I was starting to think it was a curse. To use Randy Blythe’s own words, “I guess some of you have heard that I had an interesting summer.” The show we originally bought tickets for was cancelled. When the tour was rescheduled, Seattle came at the end instead of the beginning. Our regular babysitter was out of town. So was our backup, and the highly recommended friend of a friend. Finally, two days before the show, we confirmed with a sitter from an online referral service. The plan was to leave early and have dinner at the Elysian and get to Showbox Sodo as the doors opened at 6:00. We are not those Seattle people who skip the openers. In fact, we’re usually more excited about the opening band than the headliner. For this lineup of four bands, the two I cared most about were Lamb of God and Sylosis.
Then the sitter called. She was running late. We ate dinner at home and finally headed south on Aurora, which went down to one lane, and our exit was closed. By the time we got back to downtown, the parking lot behind Showbox was half full. The other half was flooded. We drove around for another 15 minutes before finding street parking two blocks south of the venue. It was after 7:00 when we finally got to the Showbox, but the line to get in still stretched past the neighboring building and a parking lot. Waiting in line was a bit of a culture shock; this was not the metal crowd we were used to. It felt like I was trying to get in to a football game. When we finally got to the front of the line, only one of the people working the door was a woman.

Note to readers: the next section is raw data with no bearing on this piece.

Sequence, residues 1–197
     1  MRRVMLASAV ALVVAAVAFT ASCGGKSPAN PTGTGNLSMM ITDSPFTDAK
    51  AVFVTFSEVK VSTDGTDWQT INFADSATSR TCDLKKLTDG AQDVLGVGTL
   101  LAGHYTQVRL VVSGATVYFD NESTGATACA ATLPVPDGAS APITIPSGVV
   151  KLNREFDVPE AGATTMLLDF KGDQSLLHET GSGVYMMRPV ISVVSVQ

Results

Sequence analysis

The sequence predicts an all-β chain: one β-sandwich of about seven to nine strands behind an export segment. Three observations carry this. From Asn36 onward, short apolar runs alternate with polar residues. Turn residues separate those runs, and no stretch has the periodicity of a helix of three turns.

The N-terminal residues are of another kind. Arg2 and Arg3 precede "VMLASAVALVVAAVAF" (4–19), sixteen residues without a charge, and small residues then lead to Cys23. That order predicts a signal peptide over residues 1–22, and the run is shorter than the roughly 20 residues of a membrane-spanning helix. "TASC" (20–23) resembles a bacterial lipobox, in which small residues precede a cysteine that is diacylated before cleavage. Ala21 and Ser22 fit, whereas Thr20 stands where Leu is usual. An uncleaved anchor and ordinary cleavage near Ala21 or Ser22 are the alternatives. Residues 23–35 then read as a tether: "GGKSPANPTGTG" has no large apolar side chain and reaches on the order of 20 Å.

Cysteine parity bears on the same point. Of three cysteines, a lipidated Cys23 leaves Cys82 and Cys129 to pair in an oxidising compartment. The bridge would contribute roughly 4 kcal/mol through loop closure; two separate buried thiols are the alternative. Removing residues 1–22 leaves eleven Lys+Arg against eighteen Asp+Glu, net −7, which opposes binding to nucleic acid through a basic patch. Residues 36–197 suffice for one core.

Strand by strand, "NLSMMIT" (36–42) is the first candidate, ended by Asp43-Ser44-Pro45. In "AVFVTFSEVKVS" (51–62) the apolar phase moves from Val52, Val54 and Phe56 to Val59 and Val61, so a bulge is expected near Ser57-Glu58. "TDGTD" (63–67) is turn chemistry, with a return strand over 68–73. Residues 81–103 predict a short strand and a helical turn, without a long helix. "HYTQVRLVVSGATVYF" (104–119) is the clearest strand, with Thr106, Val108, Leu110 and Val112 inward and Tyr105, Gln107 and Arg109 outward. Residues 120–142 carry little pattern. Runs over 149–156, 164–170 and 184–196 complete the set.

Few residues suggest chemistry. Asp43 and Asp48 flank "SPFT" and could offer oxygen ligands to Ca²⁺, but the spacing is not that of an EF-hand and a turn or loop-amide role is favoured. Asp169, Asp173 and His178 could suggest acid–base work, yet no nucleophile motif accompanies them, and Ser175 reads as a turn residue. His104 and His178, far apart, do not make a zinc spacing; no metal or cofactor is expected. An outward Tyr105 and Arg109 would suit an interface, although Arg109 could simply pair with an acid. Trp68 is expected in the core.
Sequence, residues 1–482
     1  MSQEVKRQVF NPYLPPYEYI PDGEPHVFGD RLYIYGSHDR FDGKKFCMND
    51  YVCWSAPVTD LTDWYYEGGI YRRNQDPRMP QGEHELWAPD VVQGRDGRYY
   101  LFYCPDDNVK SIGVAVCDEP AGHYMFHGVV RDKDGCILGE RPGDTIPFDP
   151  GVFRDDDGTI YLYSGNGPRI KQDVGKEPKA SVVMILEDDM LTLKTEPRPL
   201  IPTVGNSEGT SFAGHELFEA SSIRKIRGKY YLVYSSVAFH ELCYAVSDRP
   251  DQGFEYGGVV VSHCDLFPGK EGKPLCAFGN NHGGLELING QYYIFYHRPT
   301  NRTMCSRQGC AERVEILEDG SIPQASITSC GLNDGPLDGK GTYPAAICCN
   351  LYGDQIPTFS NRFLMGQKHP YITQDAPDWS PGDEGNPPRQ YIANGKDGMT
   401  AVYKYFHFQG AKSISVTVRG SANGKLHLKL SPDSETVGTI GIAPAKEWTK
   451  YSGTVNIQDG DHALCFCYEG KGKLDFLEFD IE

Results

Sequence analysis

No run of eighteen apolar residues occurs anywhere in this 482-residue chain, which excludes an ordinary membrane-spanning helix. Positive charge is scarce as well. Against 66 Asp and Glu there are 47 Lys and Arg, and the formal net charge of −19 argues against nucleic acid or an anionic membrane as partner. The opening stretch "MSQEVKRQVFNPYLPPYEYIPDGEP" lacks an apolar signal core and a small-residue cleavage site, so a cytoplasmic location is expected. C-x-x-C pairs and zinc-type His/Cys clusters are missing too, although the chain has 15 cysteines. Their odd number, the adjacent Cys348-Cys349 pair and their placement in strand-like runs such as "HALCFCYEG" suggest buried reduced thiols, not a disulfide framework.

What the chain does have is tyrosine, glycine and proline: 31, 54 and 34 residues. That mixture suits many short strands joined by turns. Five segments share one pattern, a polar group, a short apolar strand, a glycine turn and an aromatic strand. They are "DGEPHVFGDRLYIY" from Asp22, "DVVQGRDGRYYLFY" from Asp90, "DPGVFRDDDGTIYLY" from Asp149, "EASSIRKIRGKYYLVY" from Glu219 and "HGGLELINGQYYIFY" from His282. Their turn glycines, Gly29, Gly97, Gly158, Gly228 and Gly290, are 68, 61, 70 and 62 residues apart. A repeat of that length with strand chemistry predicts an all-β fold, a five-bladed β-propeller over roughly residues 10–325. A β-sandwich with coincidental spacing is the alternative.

Note to venues: I appreciate your having a woman on security to do pat downs for the women. But please make it optional. I am so much less concerned that your security guards might cop a feel than I am about missing the fucking opening band while I stand in the rain waiting to get my pockets checked.
Which is exactly what happened. By the time I got inside, Sylosis was long gone and HellYeah had already taken the stage. We checked our coats and headed for the bar – about as close to the stage as we were likely to get anyway, since the place was packed. It’s a big secret that most metalheads are actually nerds. It’s complicated, brainy music that just happens to be intense – like Bach.
But the Neanderthal headbanger stereotype didn’t condense out of thin air, and it only takes one hit of HellYeah to get stoopid. They played tight, chunky, heavy, fist in the air, neck-breaking music with an irresistible groove – when they played. I mean, I get the Southern predilection for long-windedness, but homeboy needed to shorten the speechifying and get on with the music.